Salient. Victoria University Student Newspaper. Volume 33 No. 12. 5 August 1970
Opportunities in Industry
Opportunities in Industry
New Zealand industry shares a world-wide shortage of men and women of ability to fill top jobs, and this position is aggravated by the rapid growth of manufacturing which has been taking place to expand and strengthen our national economy.
In these conditions there is an atmosphere of opportunity in industry—opportunity to create and construct, opportunity to lead, opportunity to rise to the top. In these favourable and challenging conditions, therefore, the graduate is offered full scope for the application and further development of his or her talents.
Industry has a high regard for the graduate, which may be explained by consideration of the qualities which are needed and which are constantly sought in people on their way to the top. These fall into two divisions—specific knowledge and technical qualifications on the one hand and judgment, ability to make decisions and understanding of the humanities on the other.
When a top job, or one which is deliberately planned as a stepping-stone to the top, is advertised, selection often is referred to management consultants.
This reflects the complexity of the requirements and the importance attached by management to these appointments. The consultants check the qualifications of the applicant, which are a matter of record, and they also test the applicants for aptitudes and potential ability, experience, personality and demeanour.
A graduate has a double advantage in a career in industry—his degree is an asset in itself but his university training is also regarded as valuable background for general management. The graduate, in a phrase, has a trained mind. He has knowledge, but also receptiveness and the capacity to learn—not necessarily within the confines of his original university disciplines.
It is obvious that, other factors being relatively equal, a graduate will enjoy an advantage in selection for a responsible appointment with prospects. It is not always so obvious, but equally true, that any graduate has prospects of rising to the top—whether his background is in the arts, in law, in accountancy, in engineering in science, or in any other field.
As an engineer or economist he can make his mark in his own professional sphere, but at the same time he will be demonstrating his potential for advancement. Capacity to absorb new ideas and knowledge to widen one's horizons is important, for the higher one rises the broader his responsibilities must become.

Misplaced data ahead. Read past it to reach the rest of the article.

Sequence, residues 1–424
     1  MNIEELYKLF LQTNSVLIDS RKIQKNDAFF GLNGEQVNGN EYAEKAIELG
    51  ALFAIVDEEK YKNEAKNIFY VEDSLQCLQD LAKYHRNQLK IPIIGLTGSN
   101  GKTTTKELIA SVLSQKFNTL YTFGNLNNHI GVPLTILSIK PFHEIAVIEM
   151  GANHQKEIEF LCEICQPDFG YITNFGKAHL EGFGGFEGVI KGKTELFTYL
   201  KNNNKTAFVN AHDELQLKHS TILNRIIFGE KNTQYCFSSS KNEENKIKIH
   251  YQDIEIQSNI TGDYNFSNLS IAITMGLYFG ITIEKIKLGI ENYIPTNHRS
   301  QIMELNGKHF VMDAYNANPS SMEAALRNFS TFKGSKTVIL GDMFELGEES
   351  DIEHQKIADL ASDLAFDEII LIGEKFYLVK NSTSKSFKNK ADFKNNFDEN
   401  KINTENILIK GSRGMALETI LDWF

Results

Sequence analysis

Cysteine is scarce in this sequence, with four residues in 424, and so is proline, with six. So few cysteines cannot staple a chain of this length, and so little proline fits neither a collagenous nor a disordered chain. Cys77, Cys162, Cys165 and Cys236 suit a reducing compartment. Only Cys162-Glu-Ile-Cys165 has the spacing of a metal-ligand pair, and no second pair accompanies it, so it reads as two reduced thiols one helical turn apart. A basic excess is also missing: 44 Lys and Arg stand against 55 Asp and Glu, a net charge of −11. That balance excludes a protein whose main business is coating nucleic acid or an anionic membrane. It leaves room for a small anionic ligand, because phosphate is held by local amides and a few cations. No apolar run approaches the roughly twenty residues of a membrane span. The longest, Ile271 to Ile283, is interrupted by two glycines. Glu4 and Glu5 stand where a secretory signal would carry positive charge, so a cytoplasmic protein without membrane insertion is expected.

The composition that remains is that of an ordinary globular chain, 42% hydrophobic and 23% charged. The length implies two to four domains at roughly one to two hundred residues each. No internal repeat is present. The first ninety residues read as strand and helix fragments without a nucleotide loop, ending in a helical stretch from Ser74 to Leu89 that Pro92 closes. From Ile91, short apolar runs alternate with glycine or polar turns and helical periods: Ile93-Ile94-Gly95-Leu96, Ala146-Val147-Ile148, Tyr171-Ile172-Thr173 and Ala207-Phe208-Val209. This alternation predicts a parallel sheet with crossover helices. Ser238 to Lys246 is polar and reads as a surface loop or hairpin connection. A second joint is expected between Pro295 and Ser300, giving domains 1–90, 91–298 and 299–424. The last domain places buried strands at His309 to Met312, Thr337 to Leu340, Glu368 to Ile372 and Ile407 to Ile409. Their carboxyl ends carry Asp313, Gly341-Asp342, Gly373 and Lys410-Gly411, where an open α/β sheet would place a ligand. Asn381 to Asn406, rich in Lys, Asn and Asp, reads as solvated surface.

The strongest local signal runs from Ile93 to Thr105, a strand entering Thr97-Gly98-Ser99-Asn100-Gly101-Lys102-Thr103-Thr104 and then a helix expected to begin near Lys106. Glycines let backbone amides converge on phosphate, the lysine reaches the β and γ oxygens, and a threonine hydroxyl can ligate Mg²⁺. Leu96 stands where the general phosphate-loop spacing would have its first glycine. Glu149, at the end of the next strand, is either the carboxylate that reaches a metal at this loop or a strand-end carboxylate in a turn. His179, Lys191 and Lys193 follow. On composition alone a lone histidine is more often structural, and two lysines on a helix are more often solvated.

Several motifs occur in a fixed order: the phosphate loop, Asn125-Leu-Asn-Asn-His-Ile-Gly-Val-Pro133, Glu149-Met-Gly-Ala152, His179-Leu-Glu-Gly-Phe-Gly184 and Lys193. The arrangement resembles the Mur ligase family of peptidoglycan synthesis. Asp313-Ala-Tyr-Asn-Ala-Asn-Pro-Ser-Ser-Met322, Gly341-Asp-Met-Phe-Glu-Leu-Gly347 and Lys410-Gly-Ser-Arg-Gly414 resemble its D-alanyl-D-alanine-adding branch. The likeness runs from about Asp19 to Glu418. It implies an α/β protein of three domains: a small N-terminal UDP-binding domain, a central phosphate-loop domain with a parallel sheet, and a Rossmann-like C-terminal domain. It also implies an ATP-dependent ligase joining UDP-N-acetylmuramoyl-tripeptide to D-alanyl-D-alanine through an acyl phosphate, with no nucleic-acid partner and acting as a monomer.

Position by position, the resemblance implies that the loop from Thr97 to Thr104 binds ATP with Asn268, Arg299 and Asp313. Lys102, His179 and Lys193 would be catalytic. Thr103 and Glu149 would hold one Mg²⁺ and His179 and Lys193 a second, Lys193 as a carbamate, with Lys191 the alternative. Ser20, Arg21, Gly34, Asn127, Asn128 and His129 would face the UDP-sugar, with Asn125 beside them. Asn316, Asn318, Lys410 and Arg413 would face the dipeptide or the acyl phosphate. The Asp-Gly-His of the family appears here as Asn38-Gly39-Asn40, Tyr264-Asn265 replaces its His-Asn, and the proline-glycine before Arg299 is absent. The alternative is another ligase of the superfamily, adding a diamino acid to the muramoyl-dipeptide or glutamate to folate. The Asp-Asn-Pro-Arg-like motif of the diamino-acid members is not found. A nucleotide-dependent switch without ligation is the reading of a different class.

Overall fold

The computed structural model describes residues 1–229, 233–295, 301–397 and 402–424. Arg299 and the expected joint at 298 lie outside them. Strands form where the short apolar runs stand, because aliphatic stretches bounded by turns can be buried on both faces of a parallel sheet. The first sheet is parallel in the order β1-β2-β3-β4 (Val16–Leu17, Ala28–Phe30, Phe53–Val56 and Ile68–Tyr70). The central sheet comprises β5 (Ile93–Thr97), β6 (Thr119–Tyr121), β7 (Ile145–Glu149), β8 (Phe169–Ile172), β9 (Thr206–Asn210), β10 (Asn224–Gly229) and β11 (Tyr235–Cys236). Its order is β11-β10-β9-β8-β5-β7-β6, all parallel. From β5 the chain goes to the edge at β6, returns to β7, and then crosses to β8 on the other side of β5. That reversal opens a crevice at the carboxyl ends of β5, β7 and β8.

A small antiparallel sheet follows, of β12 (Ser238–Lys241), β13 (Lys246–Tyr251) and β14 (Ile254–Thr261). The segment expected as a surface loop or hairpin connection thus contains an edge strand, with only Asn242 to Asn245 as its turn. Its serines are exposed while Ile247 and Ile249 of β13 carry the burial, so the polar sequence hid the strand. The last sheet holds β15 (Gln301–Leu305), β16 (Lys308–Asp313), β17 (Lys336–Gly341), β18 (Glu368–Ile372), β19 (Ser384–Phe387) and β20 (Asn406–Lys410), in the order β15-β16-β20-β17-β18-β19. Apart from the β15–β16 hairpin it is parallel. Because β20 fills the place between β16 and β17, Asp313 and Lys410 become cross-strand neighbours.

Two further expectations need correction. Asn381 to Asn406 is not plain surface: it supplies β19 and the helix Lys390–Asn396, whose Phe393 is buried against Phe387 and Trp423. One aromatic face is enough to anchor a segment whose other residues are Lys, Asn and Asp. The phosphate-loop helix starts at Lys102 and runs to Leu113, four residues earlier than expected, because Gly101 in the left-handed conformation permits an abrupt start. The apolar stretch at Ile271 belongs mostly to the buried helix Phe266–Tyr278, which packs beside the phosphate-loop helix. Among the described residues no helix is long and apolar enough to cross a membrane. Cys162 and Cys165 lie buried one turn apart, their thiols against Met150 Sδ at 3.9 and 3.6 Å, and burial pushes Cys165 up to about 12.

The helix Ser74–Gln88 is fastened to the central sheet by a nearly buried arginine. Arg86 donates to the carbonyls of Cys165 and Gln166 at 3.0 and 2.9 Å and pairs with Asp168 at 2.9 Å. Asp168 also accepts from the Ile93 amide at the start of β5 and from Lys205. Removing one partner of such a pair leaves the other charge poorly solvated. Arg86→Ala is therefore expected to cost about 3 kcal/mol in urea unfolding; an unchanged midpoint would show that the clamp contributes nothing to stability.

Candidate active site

For some roles in management—for instance in marketing, in personnel administration, perhaps in control of a transport fleet—graduates may be preferred although there is no specific university degree as a basic qualification.
This further demonstrates the flexibility and adaptability which is evident in progressive management and which further emphasises the unlimited scope which exists fot graduates in industry.
Some firms consider university training so important that they select young men with potential send them to university and trair them for top positions instead of relying on promotion by seniority Periods of training at routine task: are essential to the acquisition [unclear: o] basic knowledge of any industry but in the case of graduates the prerequisite to advancement is [unclear: O] minimum duration.
Manufacturing today is the biggest productive sector in the New Zealand economy. Except for power generation, growth is fasta in manufacturing than in any other sector. This must continue. Along with growth goes opportunity.
Among the 280,000 people engaged in manufacturing, [unclear: the] relatively small number [unclear: o] graduates have made a tremendous contribution to the growth and innovation which has taken place Industry is on the march, still growing rapidly, and there is plenty of room at the top—especially for graduates.
Rapidly expanding office equipment importing company requires the services of a young qualified or near-qualified accountant to assume control of its Accounting Division with direct responsibility to working Directors.
Apply to Associated Business Machines New Zealand Limited, 41 Ghuznee Street, Wellington or phone 557-672 and ask for Mr Cavaye.
Are you looking for a position which will offer you wide experience, responsibilities and job satisfaction? Do you have drive and initiative and the ability to accept responsibility in a professional office? Do you have the desire to progress within an organisation and the ability to communicate with people? These are the qualities we are seeking from graduates and under graduates for 1971.
We believe that the experience we can offer is the widest possible within the accountancy profession and a most valuable base for a commercial career. We can offer experience in general accounting, auditing, secretarial, taxation and management accounting. We have affiliations with other Chartered Accountants offices within New Zealand and overseas and our clients are engaged in a broad range of business activities.
Working conditions are pleasant in our centrally situated modern offices and attractive salaries will be paid to the successful applicants.
Barnett & Barnett,Chartered Accountants,
Cnr. Featherston St. & Brandon St.,Wellington, I. or telephone 40-477 for an interview.